Other great news finds the 42PZ800 almost entirely free of a couple of traditional Panasonic plasma shortcomings. And so dark scenes appear almost entirely free of any green undertones, and objects generally cross its screen without severe issues with judder or dotting noise.
The judder actually disappears entirely if you call in the 42PZ800’s IFC processing. But I’d urge you to only use IFC with caution, for it can generate some distracting flickering and shimmering side effects if used with really fast action, like a sporting event or high-octane film scene.
Another minor issue to be aware of is that to my eyes, while the 42PZ800 is marginally superior to Panasonic’s 42PX80 HD Ready entry-level 42in plasma screen when showing HD, the cheaper model arguably looks a little more natural, or at least less noisy, with standard definition.
It wouldn’t pay to get too hung up on this, as the 42PZ800’s standard def efforts still look better than those of the vast majority of other Full HD flat TVs we can think of. But if HD is and will likely continue to be a very small part of your life, then yes, you might be as well to save a few bob and go for the 42PX80 instead.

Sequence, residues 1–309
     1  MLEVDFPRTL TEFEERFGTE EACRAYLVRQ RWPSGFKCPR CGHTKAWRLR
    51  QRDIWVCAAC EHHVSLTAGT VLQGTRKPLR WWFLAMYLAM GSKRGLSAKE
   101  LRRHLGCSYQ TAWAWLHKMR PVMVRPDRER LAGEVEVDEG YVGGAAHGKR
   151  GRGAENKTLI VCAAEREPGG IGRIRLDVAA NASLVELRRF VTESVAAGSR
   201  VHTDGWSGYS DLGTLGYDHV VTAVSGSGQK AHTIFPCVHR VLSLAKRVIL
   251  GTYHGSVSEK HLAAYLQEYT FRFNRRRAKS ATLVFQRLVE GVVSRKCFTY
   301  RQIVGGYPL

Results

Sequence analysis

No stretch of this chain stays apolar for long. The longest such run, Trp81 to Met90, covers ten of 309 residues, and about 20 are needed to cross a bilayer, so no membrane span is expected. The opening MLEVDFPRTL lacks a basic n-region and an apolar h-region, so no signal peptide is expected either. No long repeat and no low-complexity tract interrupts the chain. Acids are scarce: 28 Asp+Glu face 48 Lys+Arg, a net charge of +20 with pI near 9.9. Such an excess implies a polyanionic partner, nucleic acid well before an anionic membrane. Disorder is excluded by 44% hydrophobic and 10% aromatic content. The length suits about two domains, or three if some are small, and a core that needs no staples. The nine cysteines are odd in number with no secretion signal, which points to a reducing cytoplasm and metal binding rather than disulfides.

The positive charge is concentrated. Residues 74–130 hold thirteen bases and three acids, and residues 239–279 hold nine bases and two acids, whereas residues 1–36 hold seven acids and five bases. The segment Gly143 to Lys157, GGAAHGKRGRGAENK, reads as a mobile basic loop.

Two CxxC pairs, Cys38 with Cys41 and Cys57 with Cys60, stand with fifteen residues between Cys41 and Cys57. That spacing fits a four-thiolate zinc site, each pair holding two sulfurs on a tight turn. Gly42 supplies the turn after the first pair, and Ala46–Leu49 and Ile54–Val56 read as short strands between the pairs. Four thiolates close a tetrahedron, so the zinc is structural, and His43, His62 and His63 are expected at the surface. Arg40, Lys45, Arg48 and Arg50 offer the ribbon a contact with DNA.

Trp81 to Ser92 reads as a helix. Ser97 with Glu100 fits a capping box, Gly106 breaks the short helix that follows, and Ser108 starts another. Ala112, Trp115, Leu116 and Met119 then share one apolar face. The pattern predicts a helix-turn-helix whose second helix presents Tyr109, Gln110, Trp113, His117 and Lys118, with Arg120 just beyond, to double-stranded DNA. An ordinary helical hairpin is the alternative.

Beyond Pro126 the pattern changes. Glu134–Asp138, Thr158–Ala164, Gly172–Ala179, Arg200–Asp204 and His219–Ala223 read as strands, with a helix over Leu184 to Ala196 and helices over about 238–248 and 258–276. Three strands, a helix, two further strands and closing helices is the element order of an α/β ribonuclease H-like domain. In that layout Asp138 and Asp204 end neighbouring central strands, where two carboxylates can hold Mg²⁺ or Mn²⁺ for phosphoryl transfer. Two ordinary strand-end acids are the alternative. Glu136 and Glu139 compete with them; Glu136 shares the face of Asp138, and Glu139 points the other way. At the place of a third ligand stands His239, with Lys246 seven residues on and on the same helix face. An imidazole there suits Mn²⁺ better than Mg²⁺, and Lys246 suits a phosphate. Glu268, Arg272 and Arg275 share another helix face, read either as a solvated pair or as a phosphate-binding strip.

Trying to drag my attention away from the 42PZ800’s mostly terrific pictures for a minute or two to concentrate on its audio turns out to be a far more satisfying experience than I’m used to with flat TVs. The explosive dynamics of a ”Call Of Duty 5” set piece blast forth with exceptional power; the exceptional subtleties of ”Seven’s” desolate cityscape are deftly handled; vocals always sound clear and credible; the soundstage spreads over a decently wide area; and there’s even a solid amount of that rarest of flat TV audio commodities, bass.
The 42PZ800 is a terrific performer only slightly tarnished by the fact that Panasonic’s also excellent PZ85 and even PX80 models are available for less money. However, for the stated price, we should remember that a sumptuous cabinet is included, making it a rather tempting bit of kit overall.